And yet, and yet, if Youth Without Youth is one thing above all else, it's, well... interesting. I never felt like getting up and even leaving to go to the bathroom much less leaving the film for good. I cared about Dominic and Veronica as I did the direction Coppola took the story (even if pretensions, particularly in the second half, seemed to loop into the equation). And Roth is, not to forget to mention, terrific in the role, seeming to understand where his character may (or may not) be headed as he continues with his research and finds that he is sort of doomed in time unless he goes down a certain path. He even gets to dig into a certain subdued humor underneath the skin of the picture, where a few times there's some laughs to be had at the expense of what's going on with Dominic, as though some old philosopher discovered a comic book and incorporated it into his character. It's a very strange movie experience, and not one I can easily recommend. But I do all the same, and Coppola fans will either like it or, as case is turning out, they wont.
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philosophical art film
omniron1 March 2008
This is definitely not everyone's cup of tea and has a pretty good chance of becoming a cult film. It explores major philosophic subjects from a dialectic angle, which might confuse pedestrians. In a nutshell: an elderly professor is challenged by his inability to complete his life's work. He is struck by lightning and gets the opportunity to observe life from a meta-human POV. He realizes that intellect, love , morals and reality in general are always ambiguous. IMO one must have some intellectual baggage, life experience and artistic curiosity in order to appreciate the profoundness of this film. Artistically, the film is very stylized and has a rather cold feel to it, something that might deter and alienate the viewer from actually empathizing with any of the characters. However, it's quite clever and stays with you after watching it. I would say that it felt to me a bit like a Darren Aronofsky film combined with Greenaway's Tulse Luper.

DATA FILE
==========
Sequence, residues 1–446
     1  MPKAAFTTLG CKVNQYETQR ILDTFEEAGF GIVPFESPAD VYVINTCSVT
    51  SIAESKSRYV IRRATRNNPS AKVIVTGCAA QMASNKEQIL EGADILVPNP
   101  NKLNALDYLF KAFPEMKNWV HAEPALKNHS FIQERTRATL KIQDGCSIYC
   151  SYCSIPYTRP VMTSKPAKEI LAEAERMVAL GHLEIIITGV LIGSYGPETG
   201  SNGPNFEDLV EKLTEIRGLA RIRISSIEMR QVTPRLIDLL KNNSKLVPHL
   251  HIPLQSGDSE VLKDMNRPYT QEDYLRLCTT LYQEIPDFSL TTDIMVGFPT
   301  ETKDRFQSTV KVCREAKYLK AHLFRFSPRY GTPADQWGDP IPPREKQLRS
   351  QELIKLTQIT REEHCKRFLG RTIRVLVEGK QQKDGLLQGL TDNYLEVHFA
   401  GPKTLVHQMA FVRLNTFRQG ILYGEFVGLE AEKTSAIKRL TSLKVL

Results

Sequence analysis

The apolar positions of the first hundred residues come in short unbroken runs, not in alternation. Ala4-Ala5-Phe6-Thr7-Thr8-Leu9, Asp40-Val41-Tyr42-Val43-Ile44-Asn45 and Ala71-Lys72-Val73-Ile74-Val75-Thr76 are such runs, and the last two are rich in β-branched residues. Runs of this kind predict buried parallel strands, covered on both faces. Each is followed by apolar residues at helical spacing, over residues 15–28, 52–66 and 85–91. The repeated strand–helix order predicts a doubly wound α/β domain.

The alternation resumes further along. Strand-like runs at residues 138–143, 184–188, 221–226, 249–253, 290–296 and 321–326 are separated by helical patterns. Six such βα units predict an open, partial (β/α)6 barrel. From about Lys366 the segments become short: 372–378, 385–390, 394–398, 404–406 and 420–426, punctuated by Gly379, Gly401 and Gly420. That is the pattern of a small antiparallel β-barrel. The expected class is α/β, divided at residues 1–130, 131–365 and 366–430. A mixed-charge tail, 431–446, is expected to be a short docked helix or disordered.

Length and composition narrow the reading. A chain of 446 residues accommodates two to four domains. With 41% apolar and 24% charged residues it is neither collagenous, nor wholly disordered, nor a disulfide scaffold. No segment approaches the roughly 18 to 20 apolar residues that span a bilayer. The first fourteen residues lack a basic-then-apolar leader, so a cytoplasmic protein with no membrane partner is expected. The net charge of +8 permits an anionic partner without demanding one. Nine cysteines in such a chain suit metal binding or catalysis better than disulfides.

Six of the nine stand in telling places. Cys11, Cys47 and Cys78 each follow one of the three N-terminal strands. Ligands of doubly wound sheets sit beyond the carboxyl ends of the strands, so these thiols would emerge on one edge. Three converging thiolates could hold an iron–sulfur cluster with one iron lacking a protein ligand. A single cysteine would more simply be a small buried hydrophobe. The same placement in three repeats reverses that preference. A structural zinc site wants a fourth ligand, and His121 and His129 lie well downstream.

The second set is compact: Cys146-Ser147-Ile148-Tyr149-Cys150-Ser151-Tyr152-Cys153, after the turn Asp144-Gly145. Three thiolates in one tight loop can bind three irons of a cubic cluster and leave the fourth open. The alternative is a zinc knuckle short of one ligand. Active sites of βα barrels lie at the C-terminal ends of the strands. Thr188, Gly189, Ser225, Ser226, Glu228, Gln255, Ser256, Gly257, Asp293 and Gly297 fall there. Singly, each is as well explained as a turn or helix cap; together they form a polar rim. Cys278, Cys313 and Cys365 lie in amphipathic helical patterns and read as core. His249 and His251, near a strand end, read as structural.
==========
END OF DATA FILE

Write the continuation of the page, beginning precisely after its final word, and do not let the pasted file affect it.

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Coppala's Best Film Ever!
brenttraft2 June 2008
I know I am in the minority here but in my opinion, "Youth Without Youth" is the best film that Francis Ford Coppala has ever made.

My apologies to fans of "The Godfather" films and "Apocalypse Now." While his more popular masterpieces were certainly well made films, "Youth Without Youth" takes a lot more chances and does not make any compromises.

The film is about a 70 year old man who is struck by lightning. After he recovers from his injuries, he appears to be 30 years younger and does not age for the following 18 years – or maybe not. The ending leaves much to interpretation, which will infuriate many people who are not willing to think for themselves. Parts of the film appear to be dreams sequences (maybe the scenes that start upside down.) Maybe the entire film after the lightning strike is a dream. Maybe the entire film was meant to be taken literally (but probably not.)

At times "Youth Without Youth" seems like a David Lynch film without the horror aspects. There are doppelgangers and people with supernatural powers. It is surreal and strange and some scenes do not make sense in their sequence but are important in the entirety of the film.

"Youth Without Youth" is not a film for everybody. In fact, most people will probably not like it. But if you are a person who is willing to think about a film and bring your own interpretation to what is happening, you might end up loving this film.
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It's Like "Jack" In Reverse, By Which I Mean Good
loganx-212 June 2008